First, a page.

Updated: Strava changes its terms and conditions, users required to agree not to sue company
Strave says change in small print not related to lawsuit from family of man killed while trying to beat 'record'
GPS tracker provider Strava has emailed all its users changing its Terms and Conditions to require them to undertake not to sue the company in connection with claims arising as a result of their "athletic activities."
Yesterday, we reported that the San Francisco-based company is being sued by the family of William ‘Kim’ Flint from nearby Oakland who was killed while trying to regain his ‘record’ logged on the site on a downhill stretch of road.
According to Strava the fact that the changes to its Terms and Conditions, including the new undertaking not to sue, were made public at around the same time as the Flint lawsuit was purely coincidental. In a statement to road.cc exlaining the reasoning behind the changes to its Terms and Condistions Strava said:
"Prior to the June 18, 2012 complaint filed against us, we updated our terms and conditions to reflect our expanded product offering and services. The changes to our terms were posted live on Strava.com on June 13 before we had any information about the lawsuit. Our iPhone and Android apps were updated shortly after that. That is why public notification occurred on June 19, after the lawsuit was filed."
Previously, Strava’s terms and conditions stated (in capitals):
“You expressly agree that your athletic activities, which generate the content you post or seek to post on the site (included but not limited to cycling) carry certain inherent risks of bodily injury or death and that you voluntarily assume all known and unknown risks associated with these activities even if caused in whole or in part by the action, inaction or negligence of Strava. You agree to release Strava from any and all liability connected with your athletic activities.”
The wording in the new terms and conditions now states (again in capitals):
"You expressly agree that your athletic activities, which generate the content you post or seek to post on the site (including but not limited to cycling) carry certain inherent and significant risks of property damage, bodily injury or death and that you voluntarily assume all known and unknown risks associated with these activities even if caused in whole or part by the action, inaction or negligence of Strava or by the action, inaction or negligence of others. You also expressly agree that Strava does not assume responsibility for the inspection, supervision, preparation, or conduct of any race, contest, group ride or event that utilizes Strava’s site."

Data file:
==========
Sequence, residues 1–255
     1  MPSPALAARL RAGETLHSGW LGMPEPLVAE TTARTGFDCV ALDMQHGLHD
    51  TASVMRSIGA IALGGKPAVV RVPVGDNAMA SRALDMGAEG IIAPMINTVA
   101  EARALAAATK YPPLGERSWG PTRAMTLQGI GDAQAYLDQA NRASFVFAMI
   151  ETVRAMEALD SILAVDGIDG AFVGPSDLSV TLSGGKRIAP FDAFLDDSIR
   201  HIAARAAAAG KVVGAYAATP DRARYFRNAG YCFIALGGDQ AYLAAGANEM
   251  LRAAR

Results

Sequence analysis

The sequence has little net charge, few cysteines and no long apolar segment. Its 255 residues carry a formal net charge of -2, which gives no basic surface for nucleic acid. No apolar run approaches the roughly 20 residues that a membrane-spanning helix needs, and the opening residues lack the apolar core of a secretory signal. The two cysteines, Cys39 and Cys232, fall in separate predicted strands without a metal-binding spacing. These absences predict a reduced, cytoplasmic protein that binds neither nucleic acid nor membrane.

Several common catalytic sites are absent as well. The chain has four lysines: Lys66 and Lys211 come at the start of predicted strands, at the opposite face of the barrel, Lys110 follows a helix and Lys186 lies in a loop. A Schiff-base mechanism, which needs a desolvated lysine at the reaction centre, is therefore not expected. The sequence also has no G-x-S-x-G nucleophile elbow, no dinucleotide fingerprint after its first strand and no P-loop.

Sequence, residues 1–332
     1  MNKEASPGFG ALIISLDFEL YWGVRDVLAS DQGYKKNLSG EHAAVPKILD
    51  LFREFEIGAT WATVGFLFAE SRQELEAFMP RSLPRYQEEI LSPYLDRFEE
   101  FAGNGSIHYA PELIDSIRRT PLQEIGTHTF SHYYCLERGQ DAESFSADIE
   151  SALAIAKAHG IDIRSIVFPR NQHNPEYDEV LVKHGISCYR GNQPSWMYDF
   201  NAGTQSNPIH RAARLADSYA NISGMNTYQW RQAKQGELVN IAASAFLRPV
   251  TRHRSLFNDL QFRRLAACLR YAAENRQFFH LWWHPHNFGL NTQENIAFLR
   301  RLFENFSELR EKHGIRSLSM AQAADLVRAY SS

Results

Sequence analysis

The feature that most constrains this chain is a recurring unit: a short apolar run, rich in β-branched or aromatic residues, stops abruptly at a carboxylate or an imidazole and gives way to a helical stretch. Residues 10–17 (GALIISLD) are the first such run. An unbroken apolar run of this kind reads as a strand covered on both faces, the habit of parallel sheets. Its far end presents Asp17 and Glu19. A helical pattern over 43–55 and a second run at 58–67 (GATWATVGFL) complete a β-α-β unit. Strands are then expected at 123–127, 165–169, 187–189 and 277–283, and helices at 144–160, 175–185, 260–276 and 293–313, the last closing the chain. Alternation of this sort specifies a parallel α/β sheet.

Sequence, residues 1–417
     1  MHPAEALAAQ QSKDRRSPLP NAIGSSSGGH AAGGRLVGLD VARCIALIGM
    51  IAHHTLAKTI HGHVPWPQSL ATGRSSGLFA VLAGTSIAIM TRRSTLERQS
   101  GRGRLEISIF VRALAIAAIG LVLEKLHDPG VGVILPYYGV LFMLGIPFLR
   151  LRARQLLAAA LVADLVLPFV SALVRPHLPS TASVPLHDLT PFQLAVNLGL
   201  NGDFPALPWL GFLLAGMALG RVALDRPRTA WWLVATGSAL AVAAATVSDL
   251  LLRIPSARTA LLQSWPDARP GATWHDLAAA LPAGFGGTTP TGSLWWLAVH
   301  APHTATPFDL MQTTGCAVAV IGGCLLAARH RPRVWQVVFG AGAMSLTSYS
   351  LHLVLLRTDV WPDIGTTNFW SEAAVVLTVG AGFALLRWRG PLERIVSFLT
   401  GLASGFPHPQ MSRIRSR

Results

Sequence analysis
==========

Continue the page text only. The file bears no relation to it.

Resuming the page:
It goes on to say:
“You expressly agree to release Strava, its subsidiaries, affiliates, officers, agents, representatives, employees, partners and licensors (the “released parties”) from any and all liability connected with your athletic activities, and promise not to sue the released parties for any claims, actions, injuries, damages, or losses associated with your athletic activities.”
Of course, there can often be differences between the terms a company seeks to impose by way of contract, and what it’s actually allowed to do by law.
In English law, for example, in a contract with a consumer, a business cannot seek to exclude liability for death of injury.
Strava’s terms and conditions expressly state that the user consents and submits “to the exclusive jurisdiction and venue in the state and federal courts located in Santa Clara County, California for any legal proceedings” in connection with their use of the site.
The case does flag up another issue often overlooked nowadays – whereas before the digital age, private individuals were seldom called upon to sign a contract, doing so only in matters related mainly to housing, finance and insurance and their employment, nowadays they are doing so every time they check a box saying that they ‘agree to the terms and conditions’ of a piece of software.
We’d hazard a guess that while most people might read a contract letter from a new employer closely, they won’t do the same when it comes to an app they’ve just downloaded to their mobile phone.
Another aspect of the online world of course is that nowadays we regularly buy goods and services from overseas in a way that simply would not have been possible a few years ago; while in the case of Mr Flint it is questionable whether the courts will find that Strava was responsible for his death, there could be other circumstances where an overseas retailer or manufacturer, for example, could find that a contractual provision seeking to exclude its potential liability for death or injury could find that thrown out by an English court.